Introduced recently in the U.S. Senate was a bipartisan bill: the Energy Storage Tax Incentive and Deployment Act of 2017. What this legislation would do is expand the definition of “energy property” in the tax code to include “equipment which receives, stores, and delivers energy using batteries, compressed air, pumped hydropower, hydrogen storage (including hydrolysis), thermal energy storage, regenerative fuel cells….” This is an important piece of legislation because it could dramatically improve the trajectory of renewables on the power grid through tax incentives, but more importantly, growth in this technology helps to manage the variability challenges with renewables (i.e. the sun doesn’t always shine and the wind doesn’t always blow) as compared to other sources.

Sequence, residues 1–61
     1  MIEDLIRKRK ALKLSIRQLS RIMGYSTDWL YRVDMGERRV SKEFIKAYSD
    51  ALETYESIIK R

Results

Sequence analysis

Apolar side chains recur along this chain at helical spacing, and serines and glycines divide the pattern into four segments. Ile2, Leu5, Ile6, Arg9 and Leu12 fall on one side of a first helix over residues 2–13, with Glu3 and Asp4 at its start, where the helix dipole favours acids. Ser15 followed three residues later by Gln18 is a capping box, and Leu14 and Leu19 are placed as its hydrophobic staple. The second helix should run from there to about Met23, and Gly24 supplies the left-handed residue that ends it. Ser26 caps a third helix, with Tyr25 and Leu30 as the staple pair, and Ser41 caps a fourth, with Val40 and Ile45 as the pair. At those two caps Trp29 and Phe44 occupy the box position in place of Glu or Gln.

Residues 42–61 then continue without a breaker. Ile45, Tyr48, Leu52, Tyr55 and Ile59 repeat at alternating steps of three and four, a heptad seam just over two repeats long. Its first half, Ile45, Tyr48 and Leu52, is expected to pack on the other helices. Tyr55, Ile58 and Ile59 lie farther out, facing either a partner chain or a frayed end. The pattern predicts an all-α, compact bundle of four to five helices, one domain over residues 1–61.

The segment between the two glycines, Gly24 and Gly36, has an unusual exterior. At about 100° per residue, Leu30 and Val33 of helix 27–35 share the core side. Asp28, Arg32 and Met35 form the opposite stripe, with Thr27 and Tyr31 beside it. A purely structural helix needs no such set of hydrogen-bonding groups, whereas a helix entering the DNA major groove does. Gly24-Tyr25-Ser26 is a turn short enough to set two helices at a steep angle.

Make no mistake, storage technology is a game changer. Not only does it provide back up power during times of emergencies and optimizes the variability challenges for clean sources of energy, it enables power supply and demand to be balanced instantly which makes our power networks resilient. Incentivizing storage technology on par with existing renewables generation tax incentives is a story to be watched closely.